The “Outcome Document” of the Paris Peace Conference of 15 January 2017 is a carefully worded one, which ostensibly seeks to encourage the two sides to negotiate with each other. It cites the necessity of a Two-State Solution, and mentions the [ostensible] usefulness of the Arab Peace Initiative. It also cites the Quartet Principles of 1 July 2016, as well as the notorious Security Council Resolution 2334 of 23 December. It cites all of these “antecedents”, in fact, on the assumption that they are statements which would be useful and constructive, in encouraging peace. In “looking ahead”, the document “…call[s] on each side to independently demonstrate, through policies and actions, a genuine commitment to the two-state solution and refrain from unilateral steps that prejudge the outcome of negotiations…”. In addition, it “…welcome[d] the prospect of closer cooperation between the Quartet (U.S./Russia/U.N./European Union)and Arab League members and other relevant actors…”.


     Reaction to the Paris Outcome Document was mixed, along predictable lines. The Palestinian Authority welcomed it, and called upon France to recognize their “state” of Palestine. The Secretary-General of the Organization for Islamic Cooperation (OIC), Dr. Yousef A. Al-Othaimeen, spoke at the Conference itself, and praised the Outcome Document, as well as the recent Security Council Resolution 2334. He asserted that A-Quds (i.e., Jerusalem) is an integral part of the Occupied Palestinian Territory in 1967, the capital of the State of Palestine…”. Thus, he is asserting the centrality of a geography that never before existed, which the Palestinians and/or their Arab brothers decided—some seven decades ago—they did not want, but is still their “capital”. And in noting the connection of all Muslims to the Al-Aqsa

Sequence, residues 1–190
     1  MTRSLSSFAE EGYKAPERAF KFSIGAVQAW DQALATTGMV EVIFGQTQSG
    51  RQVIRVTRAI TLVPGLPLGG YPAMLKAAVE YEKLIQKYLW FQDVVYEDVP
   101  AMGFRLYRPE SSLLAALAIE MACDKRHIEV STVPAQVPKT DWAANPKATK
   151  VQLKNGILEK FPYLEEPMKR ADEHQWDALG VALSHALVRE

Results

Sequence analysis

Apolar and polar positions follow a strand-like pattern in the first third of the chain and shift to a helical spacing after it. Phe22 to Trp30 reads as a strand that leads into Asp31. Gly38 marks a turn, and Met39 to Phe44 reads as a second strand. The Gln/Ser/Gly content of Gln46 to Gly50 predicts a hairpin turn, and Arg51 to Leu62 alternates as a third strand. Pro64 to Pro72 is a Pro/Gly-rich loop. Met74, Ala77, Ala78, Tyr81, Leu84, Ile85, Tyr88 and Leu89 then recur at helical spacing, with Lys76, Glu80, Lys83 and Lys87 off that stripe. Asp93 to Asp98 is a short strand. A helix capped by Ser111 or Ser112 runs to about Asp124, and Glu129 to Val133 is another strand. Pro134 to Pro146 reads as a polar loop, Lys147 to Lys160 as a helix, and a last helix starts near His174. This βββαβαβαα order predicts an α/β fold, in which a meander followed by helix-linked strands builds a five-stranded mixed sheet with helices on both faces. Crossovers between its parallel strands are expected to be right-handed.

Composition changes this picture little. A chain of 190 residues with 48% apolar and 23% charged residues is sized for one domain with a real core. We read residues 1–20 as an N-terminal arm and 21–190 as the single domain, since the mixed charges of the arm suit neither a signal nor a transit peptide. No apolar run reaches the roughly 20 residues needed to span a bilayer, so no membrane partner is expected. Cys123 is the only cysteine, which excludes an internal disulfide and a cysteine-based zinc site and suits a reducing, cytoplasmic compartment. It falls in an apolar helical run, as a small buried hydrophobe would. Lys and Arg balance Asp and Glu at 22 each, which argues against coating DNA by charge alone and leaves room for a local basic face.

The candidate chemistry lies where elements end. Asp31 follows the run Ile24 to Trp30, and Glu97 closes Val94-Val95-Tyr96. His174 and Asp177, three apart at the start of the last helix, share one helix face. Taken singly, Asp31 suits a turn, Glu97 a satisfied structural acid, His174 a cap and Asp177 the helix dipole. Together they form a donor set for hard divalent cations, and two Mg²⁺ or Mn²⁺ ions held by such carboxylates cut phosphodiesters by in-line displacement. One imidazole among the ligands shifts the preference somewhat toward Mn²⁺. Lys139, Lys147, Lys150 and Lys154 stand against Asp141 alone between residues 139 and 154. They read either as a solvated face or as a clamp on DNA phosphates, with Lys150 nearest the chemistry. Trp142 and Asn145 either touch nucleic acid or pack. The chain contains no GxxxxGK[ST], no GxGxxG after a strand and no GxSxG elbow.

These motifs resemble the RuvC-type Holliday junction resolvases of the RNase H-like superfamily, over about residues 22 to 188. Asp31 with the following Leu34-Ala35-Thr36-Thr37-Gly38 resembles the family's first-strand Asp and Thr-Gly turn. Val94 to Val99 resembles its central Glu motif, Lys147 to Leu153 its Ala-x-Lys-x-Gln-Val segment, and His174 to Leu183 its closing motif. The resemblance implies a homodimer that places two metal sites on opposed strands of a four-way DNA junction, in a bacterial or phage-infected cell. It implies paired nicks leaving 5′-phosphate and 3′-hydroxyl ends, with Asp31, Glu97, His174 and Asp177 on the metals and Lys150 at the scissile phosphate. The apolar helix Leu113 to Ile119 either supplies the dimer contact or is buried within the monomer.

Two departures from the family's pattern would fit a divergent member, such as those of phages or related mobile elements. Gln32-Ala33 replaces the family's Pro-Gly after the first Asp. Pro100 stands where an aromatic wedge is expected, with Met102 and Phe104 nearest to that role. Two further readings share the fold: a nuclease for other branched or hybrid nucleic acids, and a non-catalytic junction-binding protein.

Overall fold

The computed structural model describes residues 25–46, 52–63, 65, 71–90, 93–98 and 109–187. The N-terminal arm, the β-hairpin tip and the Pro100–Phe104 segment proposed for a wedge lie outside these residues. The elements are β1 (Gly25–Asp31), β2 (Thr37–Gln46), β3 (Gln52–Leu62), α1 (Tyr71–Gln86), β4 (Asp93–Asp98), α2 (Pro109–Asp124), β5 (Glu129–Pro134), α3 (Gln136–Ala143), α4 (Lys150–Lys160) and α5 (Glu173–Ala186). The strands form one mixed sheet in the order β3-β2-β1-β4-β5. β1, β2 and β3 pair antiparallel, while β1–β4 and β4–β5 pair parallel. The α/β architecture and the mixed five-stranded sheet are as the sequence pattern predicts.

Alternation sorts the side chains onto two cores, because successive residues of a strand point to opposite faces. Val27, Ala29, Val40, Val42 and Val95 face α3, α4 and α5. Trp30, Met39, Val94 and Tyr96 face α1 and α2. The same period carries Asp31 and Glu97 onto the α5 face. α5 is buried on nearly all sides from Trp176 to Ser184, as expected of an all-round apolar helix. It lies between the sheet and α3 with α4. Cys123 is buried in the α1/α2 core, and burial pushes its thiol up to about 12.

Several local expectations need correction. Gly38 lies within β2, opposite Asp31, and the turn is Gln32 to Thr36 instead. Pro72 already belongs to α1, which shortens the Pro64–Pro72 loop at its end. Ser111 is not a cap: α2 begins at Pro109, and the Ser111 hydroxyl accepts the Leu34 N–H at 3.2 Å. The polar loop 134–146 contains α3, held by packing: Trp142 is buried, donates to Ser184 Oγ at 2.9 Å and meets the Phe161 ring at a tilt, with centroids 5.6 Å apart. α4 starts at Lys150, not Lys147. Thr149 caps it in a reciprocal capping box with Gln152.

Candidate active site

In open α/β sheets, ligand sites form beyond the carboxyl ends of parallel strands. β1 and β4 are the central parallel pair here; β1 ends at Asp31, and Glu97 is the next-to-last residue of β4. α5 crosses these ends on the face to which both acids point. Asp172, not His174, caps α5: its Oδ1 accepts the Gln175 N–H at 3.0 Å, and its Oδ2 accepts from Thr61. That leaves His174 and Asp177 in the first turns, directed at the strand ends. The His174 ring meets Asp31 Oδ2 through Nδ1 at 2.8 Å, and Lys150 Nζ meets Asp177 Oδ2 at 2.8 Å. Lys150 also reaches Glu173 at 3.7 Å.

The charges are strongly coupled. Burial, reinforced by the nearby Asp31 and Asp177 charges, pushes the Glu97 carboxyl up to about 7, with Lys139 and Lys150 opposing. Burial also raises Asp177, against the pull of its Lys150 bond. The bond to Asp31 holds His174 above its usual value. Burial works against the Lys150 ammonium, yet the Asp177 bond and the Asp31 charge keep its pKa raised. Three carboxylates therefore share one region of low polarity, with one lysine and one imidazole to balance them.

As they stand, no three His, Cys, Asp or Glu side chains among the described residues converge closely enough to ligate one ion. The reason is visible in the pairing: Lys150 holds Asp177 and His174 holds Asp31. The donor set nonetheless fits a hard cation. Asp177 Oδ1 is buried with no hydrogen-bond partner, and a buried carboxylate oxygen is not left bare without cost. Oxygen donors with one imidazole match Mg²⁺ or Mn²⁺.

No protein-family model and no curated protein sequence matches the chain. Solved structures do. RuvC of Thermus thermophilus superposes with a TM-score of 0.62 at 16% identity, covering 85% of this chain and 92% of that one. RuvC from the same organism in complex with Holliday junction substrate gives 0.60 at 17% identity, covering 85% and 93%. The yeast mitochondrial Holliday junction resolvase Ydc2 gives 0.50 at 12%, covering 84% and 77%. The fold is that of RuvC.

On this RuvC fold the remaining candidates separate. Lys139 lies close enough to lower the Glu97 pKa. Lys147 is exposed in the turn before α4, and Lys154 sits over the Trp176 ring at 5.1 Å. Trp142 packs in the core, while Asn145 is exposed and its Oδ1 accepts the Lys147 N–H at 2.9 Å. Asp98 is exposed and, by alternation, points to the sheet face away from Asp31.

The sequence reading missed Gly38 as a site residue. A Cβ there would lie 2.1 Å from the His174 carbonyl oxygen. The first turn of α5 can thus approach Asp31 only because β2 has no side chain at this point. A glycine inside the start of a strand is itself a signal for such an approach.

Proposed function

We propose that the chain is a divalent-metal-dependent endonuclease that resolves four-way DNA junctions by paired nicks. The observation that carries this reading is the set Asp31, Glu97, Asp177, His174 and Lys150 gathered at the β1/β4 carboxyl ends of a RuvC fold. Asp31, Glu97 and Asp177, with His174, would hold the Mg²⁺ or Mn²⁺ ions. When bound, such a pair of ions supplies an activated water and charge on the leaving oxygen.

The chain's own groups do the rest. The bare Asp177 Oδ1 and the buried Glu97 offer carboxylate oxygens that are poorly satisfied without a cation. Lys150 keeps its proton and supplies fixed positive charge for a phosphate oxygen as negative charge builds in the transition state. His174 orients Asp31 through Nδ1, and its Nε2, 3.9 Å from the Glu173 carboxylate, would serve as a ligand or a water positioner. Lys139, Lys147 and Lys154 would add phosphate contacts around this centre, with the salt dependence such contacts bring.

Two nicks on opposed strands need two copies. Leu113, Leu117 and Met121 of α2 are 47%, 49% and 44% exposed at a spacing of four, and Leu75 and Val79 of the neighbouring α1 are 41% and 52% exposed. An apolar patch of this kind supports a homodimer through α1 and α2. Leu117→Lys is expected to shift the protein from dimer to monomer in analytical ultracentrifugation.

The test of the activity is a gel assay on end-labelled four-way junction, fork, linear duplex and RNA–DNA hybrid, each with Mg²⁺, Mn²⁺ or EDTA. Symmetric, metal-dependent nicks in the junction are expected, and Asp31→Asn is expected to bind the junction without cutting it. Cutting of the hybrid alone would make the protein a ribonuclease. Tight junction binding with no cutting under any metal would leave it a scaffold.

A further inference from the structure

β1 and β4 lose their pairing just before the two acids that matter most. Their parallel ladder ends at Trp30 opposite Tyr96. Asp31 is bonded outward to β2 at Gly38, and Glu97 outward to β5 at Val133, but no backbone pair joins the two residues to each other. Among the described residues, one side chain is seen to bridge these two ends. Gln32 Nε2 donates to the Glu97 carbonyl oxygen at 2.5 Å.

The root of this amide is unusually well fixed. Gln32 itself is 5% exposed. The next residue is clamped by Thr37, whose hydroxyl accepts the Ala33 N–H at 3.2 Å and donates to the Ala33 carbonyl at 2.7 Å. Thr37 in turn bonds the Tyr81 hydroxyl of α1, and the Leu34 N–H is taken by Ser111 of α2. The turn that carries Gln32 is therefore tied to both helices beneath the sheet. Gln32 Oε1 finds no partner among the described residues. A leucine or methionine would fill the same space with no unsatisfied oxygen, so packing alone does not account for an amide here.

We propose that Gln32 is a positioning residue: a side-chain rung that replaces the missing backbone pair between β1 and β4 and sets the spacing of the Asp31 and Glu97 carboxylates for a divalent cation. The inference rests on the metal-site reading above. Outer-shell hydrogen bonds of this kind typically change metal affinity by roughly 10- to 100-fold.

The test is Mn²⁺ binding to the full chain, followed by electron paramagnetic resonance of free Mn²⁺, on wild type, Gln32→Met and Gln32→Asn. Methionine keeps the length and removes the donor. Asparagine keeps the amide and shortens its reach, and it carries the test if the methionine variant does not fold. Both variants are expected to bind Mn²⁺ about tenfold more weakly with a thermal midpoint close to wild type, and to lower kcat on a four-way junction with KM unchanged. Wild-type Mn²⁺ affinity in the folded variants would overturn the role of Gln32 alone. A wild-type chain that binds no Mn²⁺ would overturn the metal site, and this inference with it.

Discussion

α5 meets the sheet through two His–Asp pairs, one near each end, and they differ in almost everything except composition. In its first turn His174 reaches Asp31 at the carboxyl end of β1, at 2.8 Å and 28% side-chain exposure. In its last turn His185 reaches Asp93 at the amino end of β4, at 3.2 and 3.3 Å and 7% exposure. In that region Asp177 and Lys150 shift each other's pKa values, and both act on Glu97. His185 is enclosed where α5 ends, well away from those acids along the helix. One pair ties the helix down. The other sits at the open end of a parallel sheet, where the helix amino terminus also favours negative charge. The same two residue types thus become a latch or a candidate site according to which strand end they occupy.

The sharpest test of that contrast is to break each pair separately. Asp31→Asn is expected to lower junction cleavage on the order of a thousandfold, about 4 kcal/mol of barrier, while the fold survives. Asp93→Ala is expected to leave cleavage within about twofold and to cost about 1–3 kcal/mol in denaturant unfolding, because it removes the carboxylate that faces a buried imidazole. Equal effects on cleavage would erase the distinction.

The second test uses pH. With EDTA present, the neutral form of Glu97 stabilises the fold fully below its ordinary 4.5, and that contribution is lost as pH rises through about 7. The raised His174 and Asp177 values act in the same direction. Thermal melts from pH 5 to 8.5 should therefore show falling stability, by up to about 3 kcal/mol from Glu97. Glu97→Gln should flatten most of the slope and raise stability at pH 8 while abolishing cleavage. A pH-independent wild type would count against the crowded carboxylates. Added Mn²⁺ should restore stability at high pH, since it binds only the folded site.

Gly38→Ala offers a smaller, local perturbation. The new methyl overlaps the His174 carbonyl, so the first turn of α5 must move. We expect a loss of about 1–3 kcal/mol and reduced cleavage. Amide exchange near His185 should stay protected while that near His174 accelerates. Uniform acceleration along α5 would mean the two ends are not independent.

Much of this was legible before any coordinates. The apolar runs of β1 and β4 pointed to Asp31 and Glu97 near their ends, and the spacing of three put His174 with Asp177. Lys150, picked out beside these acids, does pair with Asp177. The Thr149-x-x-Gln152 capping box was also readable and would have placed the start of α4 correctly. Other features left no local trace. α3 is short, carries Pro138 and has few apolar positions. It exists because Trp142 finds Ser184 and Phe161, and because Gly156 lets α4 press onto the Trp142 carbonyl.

Mosque, he seemed to b speaking to those afraid of supposed Jewish efforts to take  over the Temple Mount. Hamas, on the other hand, condemned the Paris Document, calling it simply “absurd”. And The Elders, a group of senior statesmen headed by Kofi Annan (Former U.N. Secretary-General) welcomed it, calling on the P5 powers to “show leadership”.


     At this point, the British—suddenly and somewhat unexpectedly—announced that they were “downgrading” their participation in the conference: they sent neither the Foreign Minister nor their Ambassador to France to participate. The British delegation was in fact headed by Michael Howells, head of the Middle East Desk at the Foreign and Commonwealth Office. This was perceived, according to reports, as an effort to “stay close” to the Trump administration, and re-emphasize (according to The Guardian) “…that the special relationship with the U.S. is critical to the U.K.”. Shortly thereafter, the U.K. blocked a European Union effort to endorse the Conference outcome, and this action was roundly condemned by Saeb Erekat, Secretary-General of the P.L.O. The Times of Israel later described a “Brave New Anglosphere”, which as a group supports U.S. policies. So the Paris Peace Conference—far from producing a further useless condemnation—may be pointing the way toward a new alignment on the Middle East. This was acknowledged—perhaps grudgingly—by French President Francois Hollande, when he noted that peace in the Middle East cannot be imposed upon the parties, but rather can be achieved only by direct talks.


                                  © Copyright 2017 George Alan Baumgarten